How Norman Hill & Velma Murphy Hill Conquered All

By Mindie Barnett

Their story demonstrates how love can truly conquer all. After Velma Murphy was knocked unconscious by a brick thrown by an angry supremacist, she was carried to safety by her now husband, Norman Hill. Their six-decade love story is filled with turmoil, tragedy, triumph, and inspiration as they battled (and continue the fight) for civil rights and fair labor.

In their new book Climbing the Rough Side of the Mountain, the Hills share stories from the frontline when they faced racial segregation in the 1960s, working alongside Dr. Martin Luther King, Jr., Bayard Rustin, and crossing paths with Malcolm X, among many others. Some of their most significant accomplishments happened here in New York City, where the duo calls home. 

We sat down with the Hills and reflected on some of their most incredible memories and what lessons they believe can be applied to today’s political climate as we battle for fairness and diversity. 

What made you author this book, and why now?
Our extraordinary story of over six decades of life, love, civil rights, and labor activism would be exciting and informative. The movement’s history that we put forth provides essential lessons for current and future activists and can serve as a basis for confronting the movement’s current and future challenges.  

What are some uphill battles you fought decades ago that we are still fighting?
In the early 1960s, through the local Congress of Racial Equality group, we pressed for integrating the Inglewood Public School system. Public school integration is a current unmet goal in cities throughout the country. Through the A. Philip Randolph Institute, we have conducted, coordinated, and directed voter participation campaigns to maximize Black turnout in local, state, and national elections. Such an effort needs to be continued through current and future elections.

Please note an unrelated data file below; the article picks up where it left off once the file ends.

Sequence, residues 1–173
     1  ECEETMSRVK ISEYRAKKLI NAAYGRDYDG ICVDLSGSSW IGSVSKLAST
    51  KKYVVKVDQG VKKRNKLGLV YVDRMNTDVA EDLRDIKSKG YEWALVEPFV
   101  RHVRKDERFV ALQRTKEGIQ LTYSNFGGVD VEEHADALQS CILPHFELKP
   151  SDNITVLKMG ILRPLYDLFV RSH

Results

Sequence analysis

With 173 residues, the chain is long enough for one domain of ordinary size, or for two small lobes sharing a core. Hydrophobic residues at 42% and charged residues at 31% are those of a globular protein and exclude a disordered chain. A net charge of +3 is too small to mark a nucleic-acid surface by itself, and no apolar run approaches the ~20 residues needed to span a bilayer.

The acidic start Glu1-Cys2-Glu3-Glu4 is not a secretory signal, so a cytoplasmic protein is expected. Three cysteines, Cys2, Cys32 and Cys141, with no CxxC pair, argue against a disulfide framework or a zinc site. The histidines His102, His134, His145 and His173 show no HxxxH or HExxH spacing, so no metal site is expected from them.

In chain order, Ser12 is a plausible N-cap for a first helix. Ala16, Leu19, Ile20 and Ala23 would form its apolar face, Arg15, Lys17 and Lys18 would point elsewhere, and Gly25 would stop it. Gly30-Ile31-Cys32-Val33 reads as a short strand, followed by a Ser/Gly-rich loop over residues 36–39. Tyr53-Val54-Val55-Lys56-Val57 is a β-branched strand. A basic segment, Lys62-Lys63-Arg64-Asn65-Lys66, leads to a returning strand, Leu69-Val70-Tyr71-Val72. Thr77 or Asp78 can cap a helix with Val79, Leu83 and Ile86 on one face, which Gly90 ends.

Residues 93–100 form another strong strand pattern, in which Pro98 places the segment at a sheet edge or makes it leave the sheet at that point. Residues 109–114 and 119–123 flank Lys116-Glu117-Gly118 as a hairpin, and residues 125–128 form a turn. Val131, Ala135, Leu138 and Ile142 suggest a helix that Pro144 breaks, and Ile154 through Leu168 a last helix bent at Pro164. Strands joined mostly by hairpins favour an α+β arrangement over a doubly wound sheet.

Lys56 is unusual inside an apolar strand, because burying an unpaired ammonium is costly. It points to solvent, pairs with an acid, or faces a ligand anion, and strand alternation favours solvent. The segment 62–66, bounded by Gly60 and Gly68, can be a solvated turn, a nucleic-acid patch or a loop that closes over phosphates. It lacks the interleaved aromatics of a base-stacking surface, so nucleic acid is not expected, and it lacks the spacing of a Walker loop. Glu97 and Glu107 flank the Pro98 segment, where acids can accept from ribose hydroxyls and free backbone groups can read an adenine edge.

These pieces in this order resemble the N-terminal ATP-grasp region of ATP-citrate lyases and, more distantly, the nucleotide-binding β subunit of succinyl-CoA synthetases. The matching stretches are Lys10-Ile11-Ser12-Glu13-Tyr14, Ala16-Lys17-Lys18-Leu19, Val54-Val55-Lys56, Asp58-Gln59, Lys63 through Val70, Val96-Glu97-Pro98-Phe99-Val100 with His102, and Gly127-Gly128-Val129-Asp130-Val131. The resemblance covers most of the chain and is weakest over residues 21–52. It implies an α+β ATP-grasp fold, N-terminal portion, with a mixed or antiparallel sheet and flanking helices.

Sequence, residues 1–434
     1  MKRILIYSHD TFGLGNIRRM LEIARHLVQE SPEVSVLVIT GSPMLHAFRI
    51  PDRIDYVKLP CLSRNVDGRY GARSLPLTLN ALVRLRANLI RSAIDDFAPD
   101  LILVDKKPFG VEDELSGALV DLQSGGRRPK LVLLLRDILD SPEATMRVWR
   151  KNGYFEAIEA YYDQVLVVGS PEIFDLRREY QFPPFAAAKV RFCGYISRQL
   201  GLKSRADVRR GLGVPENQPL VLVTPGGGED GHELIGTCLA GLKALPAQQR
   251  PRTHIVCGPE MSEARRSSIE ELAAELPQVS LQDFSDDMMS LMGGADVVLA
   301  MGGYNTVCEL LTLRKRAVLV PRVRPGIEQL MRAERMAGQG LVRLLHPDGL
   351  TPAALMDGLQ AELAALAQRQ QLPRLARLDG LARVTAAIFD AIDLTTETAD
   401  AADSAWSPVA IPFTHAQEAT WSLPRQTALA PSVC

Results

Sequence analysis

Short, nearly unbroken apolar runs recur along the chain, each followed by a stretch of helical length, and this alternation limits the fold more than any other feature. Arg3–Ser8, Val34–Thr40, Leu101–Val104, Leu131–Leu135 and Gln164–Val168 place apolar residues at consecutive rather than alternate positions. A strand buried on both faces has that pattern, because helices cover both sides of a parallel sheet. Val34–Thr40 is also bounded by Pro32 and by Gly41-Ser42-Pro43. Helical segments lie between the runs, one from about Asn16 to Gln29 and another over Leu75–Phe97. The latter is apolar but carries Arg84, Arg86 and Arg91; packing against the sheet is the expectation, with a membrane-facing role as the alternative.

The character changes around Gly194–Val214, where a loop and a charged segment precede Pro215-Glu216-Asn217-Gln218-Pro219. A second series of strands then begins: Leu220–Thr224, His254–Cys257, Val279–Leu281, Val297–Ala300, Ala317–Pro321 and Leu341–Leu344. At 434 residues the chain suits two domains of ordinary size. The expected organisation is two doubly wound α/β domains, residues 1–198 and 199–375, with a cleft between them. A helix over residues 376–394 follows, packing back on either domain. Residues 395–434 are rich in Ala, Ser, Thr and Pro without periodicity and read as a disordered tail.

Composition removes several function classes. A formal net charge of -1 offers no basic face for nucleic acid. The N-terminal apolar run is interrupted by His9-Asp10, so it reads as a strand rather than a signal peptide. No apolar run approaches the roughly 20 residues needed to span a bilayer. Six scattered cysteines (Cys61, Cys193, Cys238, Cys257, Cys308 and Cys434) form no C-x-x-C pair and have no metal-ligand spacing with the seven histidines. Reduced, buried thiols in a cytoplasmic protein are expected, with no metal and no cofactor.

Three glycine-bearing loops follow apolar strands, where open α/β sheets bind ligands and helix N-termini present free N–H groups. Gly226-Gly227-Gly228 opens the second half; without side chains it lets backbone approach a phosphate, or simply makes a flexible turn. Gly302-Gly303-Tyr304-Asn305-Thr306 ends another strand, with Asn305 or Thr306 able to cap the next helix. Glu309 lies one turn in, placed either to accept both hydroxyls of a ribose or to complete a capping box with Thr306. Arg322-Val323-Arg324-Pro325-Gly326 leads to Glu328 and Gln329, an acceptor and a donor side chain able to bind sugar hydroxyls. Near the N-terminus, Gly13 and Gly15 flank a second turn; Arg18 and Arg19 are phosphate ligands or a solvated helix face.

You stood alongside Dr. King and many other prominent leaders for diversity—what do you think they would say about our current climate regarding racial tensions?
I think that our mentors, such as A. Philip Randolph and Bayard Rustin, would promote aggressive and militant action by minorities in such a way as to generate majority support through coalition politics. Coalition politics involve multi-racial action emphasizing common or mutual interests. They would emphasize a multi-racial thrust politically, focusing on common economic self-interests. 

Can you share some key events in New York City you participated in? What stands out, and what can still be learned? 
The most noteworthy event in which we were involved was the organization of the March on Washington for Jobs and Freedom in 1963. What stands out is the brilliant organizational direction of Bayard Rustin and the use of a coalition of Civil Rights, religious, and unions to generate a great crusade. What can be carried forward from the March on Washington is that the problems facing minorities are not merely ethnic but economic and social, requiring political action. Today, the economic and social issues need to be addressed, as was true then, on a coalition basis, with the essence or core of the coalition being an alliance between minority organizations and the labor movement.

What are the top three lessons you hope your readers walk away with as it pertains to Black history and equality?
First, any group that is mistreated, oppressed, or discriminated against must take the initiative to challenge the unfair and unjust status quo. Secondly, the pursuit of racial equality and economic justice requires aggressive militant action by Blacks in such a way as to generate majority support. Finally, the barriers that Black people have faced are both race and class and must be addressed simultaneously. 

For more information on Climbing The Rough Side Of The Mountain,
visit Post Hill Press at posthillpress.com